Cobb County is known for many things. As one of Georgia’s most affluent and educated counties, Cobb is home to great school systems, beautiful landscapes, important historical sites, and major institutions such as Dobbins Air Reserve Base and Kennesaw State University.
But what local residents may not realize is that a number of products used each and every day by consumers across the country and around the world also are produced right here in Cobb County.
Find out what “Made in Cobb” looks like by checking out these growing local businesses.
1091 Lake Dr., Marietta
Why Cobb: Arylessence makes flavors and scents for products such as ChapStick, Burt’s Bees, chewing gum, and candles. This is the 40th anniversary of the family-owned business, which is always giving back to the community.
“Arylessence is proud to call Cobb County our corporate headquarters home for the past 40 years,” said Cynthia Reichard, executive vice president and director of client services. “Our creative fragrances and flavors are strategically designed and manufactured in Marietta and shipped to brand-name manufacturers around the globe. Think of us as the people who create the scent of your favorite product or the taste of your favorite flavor that has you going back for it again and again.”
Reichard added that the county’s ideal location, progressive leadership, excellent education options, and diverse workforce are all factors in the growth and success of Arylessence. Currently, the company is planning for a multi-million-dollar research and development center expansion.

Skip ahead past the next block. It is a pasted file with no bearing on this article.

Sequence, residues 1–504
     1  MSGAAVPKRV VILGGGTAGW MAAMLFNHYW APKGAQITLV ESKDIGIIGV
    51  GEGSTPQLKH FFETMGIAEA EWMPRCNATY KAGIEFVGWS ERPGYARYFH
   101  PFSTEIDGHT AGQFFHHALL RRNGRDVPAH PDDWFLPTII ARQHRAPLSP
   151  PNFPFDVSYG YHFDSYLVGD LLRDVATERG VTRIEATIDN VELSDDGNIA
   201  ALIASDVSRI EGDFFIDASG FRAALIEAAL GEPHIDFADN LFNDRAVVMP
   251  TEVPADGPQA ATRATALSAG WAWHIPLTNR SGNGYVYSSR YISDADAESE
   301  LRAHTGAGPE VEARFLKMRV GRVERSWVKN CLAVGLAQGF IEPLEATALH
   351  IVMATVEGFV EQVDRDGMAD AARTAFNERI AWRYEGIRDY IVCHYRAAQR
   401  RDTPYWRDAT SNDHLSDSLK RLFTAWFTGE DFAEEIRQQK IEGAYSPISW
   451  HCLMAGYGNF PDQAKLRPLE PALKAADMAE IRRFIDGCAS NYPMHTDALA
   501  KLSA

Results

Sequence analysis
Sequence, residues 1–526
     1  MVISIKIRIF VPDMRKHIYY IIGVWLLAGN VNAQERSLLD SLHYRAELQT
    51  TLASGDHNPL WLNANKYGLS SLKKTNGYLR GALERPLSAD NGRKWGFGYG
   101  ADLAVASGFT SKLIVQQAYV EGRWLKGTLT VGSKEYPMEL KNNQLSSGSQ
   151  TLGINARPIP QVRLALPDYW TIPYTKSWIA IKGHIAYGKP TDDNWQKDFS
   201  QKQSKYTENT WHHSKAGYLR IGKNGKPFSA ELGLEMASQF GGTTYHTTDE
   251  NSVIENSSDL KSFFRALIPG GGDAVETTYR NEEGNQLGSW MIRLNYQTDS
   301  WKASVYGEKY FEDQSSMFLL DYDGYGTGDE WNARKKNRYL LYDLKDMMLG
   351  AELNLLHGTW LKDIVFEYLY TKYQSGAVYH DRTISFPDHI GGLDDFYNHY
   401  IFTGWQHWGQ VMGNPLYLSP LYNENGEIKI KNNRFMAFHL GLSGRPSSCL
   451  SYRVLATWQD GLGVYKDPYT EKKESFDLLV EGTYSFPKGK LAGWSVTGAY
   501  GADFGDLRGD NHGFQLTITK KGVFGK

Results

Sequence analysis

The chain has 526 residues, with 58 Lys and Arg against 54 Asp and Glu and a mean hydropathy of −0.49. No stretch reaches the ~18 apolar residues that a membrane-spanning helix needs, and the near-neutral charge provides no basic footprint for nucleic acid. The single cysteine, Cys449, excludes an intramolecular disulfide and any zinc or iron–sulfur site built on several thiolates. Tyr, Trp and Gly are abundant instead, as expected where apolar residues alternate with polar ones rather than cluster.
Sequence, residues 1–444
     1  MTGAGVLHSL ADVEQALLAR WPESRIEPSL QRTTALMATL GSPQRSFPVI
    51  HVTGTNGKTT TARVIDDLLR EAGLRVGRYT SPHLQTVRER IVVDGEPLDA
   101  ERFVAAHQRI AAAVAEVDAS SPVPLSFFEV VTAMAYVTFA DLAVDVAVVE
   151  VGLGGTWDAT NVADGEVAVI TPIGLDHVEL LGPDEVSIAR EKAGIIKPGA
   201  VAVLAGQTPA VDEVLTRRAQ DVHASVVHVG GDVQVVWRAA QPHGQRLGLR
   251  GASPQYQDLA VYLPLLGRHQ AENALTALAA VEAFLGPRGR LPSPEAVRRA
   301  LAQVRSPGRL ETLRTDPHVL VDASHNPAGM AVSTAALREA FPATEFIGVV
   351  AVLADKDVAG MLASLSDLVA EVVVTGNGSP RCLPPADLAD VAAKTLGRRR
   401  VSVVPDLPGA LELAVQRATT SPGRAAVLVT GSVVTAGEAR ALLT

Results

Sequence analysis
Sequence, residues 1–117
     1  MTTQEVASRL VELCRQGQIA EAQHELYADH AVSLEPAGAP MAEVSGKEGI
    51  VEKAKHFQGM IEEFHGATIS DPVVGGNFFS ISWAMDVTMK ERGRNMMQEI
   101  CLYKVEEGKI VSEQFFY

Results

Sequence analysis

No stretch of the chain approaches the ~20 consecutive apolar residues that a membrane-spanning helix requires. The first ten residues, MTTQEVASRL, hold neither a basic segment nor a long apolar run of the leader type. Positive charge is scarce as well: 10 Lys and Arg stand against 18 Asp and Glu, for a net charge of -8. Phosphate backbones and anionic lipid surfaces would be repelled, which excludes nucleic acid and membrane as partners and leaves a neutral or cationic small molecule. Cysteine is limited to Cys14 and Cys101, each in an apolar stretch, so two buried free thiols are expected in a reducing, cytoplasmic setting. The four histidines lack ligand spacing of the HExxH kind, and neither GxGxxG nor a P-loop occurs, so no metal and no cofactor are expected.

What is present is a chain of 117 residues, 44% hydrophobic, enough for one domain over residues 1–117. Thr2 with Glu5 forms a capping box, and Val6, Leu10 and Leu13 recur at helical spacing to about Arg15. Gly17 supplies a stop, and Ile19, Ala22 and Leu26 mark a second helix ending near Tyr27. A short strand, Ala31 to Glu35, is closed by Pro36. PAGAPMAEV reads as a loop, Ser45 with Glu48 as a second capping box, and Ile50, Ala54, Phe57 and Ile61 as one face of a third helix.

“We are more than confident that Cobb County’s economic development advancements and resolute commitment to business will support Arylessence’s dynamic future,” said Reichard. “It is exciting to know Arylessence’s success is contributing to the outstanding business growth statistics that Cobb County represents, not only to the state of Georgia, but to the nation.”
1930 Airport Industrial Park Drive, Marietta
Why Cobb: Casey May and co-owner Sean McSweeney founded Knotty Pretzels in 2013, using a family recipe to create pretzels designed to pair well with anything, especially beer. The two have been making pretzels since they were 13 years old, long before they officially founded the company. May and McSweeney are Cobb County natives who graduated from Kennesaw Mountain High School, and both still live and work here.
“Our family and friends always liked our pretzels, and after graduation we decided to try it as a business,” said May. “Marietta is constantly growing, so we thought it was a good place for us to start. We also like being close to the new Atlanta Braves stadium.”
Knotty Pretzels is located just off Highway 41 near the end of a runway at Dobbins Air Reserve Base. Their product is marketed as a great companion to the ever-expanding roster of craft brews created in Atlanta and elsewhere, with an official slogan of “The Official Pretzel of Beer.”
“The pretzels are a great tailgate snack,” says May. “Our goal is to be on the beer aisle in every grocery and convenience store.”
Atlanta Smokehouse Products
1700 Enterprise Way, Unit 107, Marietta